City staff are hosting a series of meetings in March to discuss specific land use policies for designated Manufacturing and Industrial Centers (M/IC) that will preserve these areas for ongoing industrial use. This policy work is aimed at strengthening our industrial business sectors as a part of Seattle 2035– the City’s major comprehensive plan update.
Seattle has five environmentally critical areas such as wetlands and wildlife habitat areas. How do we protect these environmentally critical areas (ECAs)?
Mayor Ed Murray announced that he is seeking candidates for two vacant positions on Seattle’s Construction Codes Advisory Board. The current open positions are for an electrical engineer representative and a general public representative.
DPD continues to evaluate policy and program development for an unreinforced masonry (URM) seismic retrofit program. The URM Policy Committee asked DPD to validate the inventory list of URMs identified by DPD before the committee finalizes its policy recommendations. DPD is in the process of hiring a structural engineer to do the validation to confirm that the buildings on the list are URMs and to add any additional URM buildings that may be identified.
In February, DPD will start integrating land use inspections on construction permits into the current construction permit inspection system. We require land use inspections for development projects that required Design Review (including Streamlined Design Review and Administrative Design Review), or that has specific land use conditions that must be satisfied after we issue the permit and before the final Certificate of Occupancy.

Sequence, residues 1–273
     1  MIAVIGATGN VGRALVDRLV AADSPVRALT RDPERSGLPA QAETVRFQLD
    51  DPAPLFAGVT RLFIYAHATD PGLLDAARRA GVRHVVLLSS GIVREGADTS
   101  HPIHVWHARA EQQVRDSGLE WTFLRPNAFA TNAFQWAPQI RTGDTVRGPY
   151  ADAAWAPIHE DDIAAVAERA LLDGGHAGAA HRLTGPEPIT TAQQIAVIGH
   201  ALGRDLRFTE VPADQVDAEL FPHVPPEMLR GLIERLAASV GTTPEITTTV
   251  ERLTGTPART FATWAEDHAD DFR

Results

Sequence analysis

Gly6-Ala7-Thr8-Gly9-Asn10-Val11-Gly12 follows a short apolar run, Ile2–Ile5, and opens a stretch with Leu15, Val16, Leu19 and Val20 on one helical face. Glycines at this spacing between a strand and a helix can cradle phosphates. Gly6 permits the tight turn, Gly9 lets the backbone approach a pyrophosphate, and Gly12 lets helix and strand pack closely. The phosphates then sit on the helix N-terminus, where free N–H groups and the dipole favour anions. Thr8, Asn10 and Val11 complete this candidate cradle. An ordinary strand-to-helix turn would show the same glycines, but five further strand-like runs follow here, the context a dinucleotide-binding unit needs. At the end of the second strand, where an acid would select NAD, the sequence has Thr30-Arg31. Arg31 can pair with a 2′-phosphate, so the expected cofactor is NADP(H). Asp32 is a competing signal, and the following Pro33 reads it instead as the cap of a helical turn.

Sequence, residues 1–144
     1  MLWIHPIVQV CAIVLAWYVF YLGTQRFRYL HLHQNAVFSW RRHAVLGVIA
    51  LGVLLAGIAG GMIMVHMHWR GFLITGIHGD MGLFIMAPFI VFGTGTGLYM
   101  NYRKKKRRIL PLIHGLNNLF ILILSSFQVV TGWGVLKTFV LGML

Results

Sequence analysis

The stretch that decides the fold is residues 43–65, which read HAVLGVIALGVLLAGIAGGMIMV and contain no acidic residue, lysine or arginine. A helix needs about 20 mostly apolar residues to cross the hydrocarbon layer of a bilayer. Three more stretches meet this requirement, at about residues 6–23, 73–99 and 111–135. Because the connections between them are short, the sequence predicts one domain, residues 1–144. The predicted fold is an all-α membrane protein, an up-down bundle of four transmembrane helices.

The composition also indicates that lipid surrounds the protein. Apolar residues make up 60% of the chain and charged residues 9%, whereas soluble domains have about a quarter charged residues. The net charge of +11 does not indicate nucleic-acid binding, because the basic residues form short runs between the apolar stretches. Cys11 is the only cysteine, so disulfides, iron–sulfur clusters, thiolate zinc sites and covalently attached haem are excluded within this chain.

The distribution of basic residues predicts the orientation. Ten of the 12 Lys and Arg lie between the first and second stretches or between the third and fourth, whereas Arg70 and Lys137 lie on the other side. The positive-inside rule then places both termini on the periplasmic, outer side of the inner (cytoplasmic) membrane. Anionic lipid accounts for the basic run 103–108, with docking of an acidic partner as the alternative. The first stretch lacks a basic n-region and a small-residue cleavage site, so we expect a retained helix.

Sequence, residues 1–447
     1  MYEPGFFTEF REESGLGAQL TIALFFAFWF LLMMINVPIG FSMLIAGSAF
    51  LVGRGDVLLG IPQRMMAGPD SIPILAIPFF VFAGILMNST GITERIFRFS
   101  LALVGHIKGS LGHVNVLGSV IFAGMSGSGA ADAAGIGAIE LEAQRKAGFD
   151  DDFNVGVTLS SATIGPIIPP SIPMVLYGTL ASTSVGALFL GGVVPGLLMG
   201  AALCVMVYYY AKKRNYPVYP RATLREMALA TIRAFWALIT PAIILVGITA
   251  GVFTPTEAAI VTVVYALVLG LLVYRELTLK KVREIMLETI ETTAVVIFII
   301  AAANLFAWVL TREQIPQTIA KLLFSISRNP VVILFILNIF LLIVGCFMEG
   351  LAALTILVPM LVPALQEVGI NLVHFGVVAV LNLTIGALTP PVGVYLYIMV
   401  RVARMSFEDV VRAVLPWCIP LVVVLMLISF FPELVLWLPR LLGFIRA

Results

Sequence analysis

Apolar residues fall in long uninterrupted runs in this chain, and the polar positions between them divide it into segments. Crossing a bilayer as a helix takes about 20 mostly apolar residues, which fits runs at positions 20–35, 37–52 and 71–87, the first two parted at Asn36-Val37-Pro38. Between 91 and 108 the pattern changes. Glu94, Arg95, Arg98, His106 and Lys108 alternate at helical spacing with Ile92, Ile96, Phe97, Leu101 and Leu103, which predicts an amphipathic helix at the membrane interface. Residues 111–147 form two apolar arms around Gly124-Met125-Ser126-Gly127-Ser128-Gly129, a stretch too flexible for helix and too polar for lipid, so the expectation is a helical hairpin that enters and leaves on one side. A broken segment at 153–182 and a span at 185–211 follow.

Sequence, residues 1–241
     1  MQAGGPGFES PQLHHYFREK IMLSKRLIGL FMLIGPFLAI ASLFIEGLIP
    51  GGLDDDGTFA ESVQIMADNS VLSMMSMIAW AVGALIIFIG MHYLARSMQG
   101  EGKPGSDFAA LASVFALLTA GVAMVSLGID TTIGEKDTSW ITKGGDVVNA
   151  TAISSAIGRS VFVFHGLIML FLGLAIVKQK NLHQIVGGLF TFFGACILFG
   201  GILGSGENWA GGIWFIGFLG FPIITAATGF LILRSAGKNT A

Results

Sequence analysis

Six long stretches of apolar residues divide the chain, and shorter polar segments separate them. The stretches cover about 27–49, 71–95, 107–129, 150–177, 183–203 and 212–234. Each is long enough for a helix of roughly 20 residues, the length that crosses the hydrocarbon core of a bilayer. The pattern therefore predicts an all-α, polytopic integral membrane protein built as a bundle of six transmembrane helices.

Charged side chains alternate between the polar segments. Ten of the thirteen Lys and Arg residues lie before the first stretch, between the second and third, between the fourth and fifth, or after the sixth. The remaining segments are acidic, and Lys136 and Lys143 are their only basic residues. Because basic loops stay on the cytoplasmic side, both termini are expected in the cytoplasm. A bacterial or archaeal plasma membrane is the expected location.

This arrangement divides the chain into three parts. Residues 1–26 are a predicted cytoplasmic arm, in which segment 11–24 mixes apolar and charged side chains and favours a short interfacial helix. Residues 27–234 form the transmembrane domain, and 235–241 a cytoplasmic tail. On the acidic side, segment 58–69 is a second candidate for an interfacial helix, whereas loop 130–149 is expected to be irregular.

View DPD permit turnaround approval times for December 2014.
In 1994 the city adopted a new Comprehensive Plan centered on the innovative “urban village strategy.” Rather than scatter growth throughout the city, or squeeze growth along corridors, this plan called for guiding growth and City investment to mixed-use, walkable villages. So 20 years later, how successful how this strategy been?
On January 13, 2015, Mayor Murray sent proposed changes to the City Council to encourage new and protect existing compact, walkable neighborhood business districts. The proposal includes 39 new or expanded areas to protect and promote pedestrian retail areas. The proposal also include modifications to current regulations that would apply to existing and new pedestrian zones to better meet the changing needs of our neighborhood business districts.
Last fall, Mayor Murray and City Council called together a twenty-eight member stakeholder committee to help develop a bold agenda for increasing housing affordability and livability in our city. The Housing Affordability and Livability Agenda (HALA) Committee is now up and running, and will deliver a set of recommended actions to the Mayor and Council by the end of May, 2015.
We updated a Tip on code interpretation appeals and developed a draft Directors Rule on RRIO inspection selection methods.